ICHOR or periorbital hyperpigmentation is also considered to have a genetic basis. Many authors including Goodman and Belcher reported many families with pigmentation around the periorbital area in several members of a family. Some were mildly affected and some severely affected. [6] This is something that we feel also occurs in Indian patients. However, surprisingly the present study did not show significant correlation between prevalence of ICHOR with family history, atopic and contact dermatitis, coexisting melasma or hormonal factors, although it confirmed sun exposure to be a risk factor for the same. Regarding the localization of the pigmentation, earlier studies by Watanabe et al. and Malakar et al. have examined skin biopsies from the lesions and found the presence of dermal melanocytosis and melanin pigment in upper dermal macrophages respectively in their studies, hence partially explaining the recalcitrance of this condition to several treatments. [4],[6] In the current study, Verschoore et al. go a step further and for the first time, used an objective and non-invasive method, using a new device Siascope, which is based on the unique combination of dermatoscopy, contact remittance spectrometry, and hyperspectral imaging, to measure the concentration and distribution of total melanin, dermal melanin and oxyhaemoglobin between ICHOR skin and normal skin of the same patient. They confirm that not only melanin deposits but even blood stasis may play a role in the pathogenesis of ICHOR. They also emphasize that Siascopy is a reliable and useful diagnostic tool for ICHOR. [2]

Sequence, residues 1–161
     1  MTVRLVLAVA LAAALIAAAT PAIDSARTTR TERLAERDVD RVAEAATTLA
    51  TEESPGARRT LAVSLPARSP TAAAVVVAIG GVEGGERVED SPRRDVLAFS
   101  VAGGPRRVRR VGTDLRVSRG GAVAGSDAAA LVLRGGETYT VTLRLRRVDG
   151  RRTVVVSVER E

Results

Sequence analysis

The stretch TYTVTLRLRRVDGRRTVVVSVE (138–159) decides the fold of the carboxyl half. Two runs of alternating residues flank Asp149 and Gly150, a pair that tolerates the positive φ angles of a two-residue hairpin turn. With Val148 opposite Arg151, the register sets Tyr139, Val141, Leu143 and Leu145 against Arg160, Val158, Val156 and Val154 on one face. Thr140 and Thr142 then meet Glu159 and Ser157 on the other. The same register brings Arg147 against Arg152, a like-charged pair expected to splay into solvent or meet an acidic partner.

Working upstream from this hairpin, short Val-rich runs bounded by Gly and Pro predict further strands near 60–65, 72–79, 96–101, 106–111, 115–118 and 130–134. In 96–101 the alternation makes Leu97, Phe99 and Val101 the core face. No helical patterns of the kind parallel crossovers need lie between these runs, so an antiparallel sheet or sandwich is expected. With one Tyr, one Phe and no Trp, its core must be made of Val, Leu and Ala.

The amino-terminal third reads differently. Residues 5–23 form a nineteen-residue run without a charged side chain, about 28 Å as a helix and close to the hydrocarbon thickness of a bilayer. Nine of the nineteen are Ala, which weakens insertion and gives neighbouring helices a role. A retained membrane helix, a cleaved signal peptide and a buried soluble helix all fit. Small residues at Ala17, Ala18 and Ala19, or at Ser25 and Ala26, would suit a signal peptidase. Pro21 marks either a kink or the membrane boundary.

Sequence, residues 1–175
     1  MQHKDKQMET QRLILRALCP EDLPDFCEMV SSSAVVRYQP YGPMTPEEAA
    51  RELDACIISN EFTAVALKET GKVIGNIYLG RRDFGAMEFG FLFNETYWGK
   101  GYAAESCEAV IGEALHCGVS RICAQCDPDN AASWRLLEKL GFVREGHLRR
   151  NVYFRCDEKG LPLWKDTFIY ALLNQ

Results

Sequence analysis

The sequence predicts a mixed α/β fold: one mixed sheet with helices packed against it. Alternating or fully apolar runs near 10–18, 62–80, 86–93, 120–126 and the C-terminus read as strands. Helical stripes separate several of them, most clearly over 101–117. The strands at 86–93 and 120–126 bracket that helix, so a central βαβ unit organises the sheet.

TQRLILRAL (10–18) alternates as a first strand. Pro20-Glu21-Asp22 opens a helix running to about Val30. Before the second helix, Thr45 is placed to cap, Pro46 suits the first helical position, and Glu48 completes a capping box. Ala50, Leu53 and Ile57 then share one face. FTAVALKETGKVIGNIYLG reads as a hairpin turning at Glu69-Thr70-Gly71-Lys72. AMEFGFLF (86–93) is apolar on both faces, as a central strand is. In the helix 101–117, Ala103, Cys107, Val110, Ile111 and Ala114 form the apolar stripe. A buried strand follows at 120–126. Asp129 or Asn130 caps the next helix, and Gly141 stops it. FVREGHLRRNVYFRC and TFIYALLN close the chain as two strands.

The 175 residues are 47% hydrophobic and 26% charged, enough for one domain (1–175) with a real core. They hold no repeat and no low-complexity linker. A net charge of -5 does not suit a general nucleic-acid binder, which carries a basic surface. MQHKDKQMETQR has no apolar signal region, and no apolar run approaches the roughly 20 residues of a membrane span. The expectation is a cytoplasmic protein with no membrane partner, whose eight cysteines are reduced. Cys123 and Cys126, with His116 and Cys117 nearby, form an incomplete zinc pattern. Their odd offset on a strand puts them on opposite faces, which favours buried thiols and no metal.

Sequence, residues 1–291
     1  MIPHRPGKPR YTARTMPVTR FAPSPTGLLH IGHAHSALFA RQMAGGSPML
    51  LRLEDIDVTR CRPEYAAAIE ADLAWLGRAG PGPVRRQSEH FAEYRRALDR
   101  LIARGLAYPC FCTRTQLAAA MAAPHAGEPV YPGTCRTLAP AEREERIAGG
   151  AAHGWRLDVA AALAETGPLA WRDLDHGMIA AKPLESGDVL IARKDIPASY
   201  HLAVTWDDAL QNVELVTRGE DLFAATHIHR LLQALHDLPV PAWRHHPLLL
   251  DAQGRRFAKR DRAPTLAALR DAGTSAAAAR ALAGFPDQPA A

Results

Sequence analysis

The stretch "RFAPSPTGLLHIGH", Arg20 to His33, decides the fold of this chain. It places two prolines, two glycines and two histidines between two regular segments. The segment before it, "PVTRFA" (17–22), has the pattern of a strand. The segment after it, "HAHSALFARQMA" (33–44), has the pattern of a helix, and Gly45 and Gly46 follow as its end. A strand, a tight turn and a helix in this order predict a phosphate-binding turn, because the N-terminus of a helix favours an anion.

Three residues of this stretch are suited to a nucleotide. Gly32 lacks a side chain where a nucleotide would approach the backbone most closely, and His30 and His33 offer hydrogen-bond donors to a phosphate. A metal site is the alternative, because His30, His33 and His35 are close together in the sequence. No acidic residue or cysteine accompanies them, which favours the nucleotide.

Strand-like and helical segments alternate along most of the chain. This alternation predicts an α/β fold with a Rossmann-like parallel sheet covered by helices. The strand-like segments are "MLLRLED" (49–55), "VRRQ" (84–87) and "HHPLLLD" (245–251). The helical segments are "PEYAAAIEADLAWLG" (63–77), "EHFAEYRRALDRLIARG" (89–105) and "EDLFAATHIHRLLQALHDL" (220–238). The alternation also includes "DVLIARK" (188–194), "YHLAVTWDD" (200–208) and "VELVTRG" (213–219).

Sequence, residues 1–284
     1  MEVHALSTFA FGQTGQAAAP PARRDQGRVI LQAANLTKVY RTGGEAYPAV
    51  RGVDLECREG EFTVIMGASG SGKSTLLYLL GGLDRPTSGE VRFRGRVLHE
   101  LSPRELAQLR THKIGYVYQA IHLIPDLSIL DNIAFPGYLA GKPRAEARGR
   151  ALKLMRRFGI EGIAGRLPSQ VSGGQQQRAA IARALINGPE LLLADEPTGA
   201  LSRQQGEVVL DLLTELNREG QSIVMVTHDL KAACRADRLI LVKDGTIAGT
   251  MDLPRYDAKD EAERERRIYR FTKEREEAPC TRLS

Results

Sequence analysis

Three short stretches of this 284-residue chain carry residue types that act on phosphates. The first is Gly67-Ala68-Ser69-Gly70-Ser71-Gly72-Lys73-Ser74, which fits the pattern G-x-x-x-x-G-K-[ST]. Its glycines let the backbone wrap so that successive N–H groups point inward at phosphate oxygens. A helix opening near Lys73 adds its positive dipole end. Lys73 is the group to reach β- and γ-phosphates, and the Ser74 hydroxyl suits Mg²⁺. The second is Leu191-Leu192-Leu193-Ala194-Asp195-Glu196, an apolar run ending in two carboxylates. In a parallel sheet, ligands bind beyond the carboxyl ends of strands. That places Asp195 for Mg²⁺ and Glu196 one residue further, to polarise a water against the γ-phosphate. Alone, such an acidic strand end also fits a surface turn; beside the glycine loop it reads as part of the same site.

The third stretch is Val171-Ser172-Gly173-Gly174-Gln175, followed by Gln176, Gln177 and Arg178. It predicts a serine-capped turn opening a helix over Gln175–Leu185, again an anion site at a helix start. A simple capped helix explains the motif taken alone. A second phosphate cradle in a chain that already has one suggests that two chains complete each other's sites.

In a recent study by Ranu et al., on 200 patients of periorbital hyperpigmentation from Singapore, the possible causes were delineated according to a detailed history, clinical examination, assessment by three dermatologists by measuring with a mexameter. [7] They found the commonest form to be the vascular type (41.8%), characterized by presence of erythema predominantly involving the inner aspect of the lower eyelids, with prominent capillaries or telangiectasia or the presence of bluish discoloration of the lower eyelid due to visible blue veins, which became more prominent when the overlying skin is stretched. This reiterated the vascular component in ICHOR mentioned in Verschoore et al.'s study. The next commonest (38.6%) was constitutional, which was characterized by the presence of a curved band of brownish to black hyperpigmentation of the lower eyelid skin along the shape of the orbital rim with velvety texture, often involving the upper eyelids. The next commonest were post inflammatory hyperpigmentation (12%) and shadow effects (11.4%) due to an overhanging tarsal muscle, eyebags, or a deep tear trough. The rest were due to other causes like skin laxity, dry skin, hormonal disturbances, nutritional deficiencies, and other chronic illnesses. The presence of a predominant vascular factor in these Chinese patients besides the pigmentary factor may explain the mild response of this condition to skin lightening creams. Chemical peels, IPL, and Q-switched ruby laser, autologous fat transplantation, combinations of fat grafting and blepharoplasties as well as fillers have all been tried for treatment but none have provided a satisfactory treatment.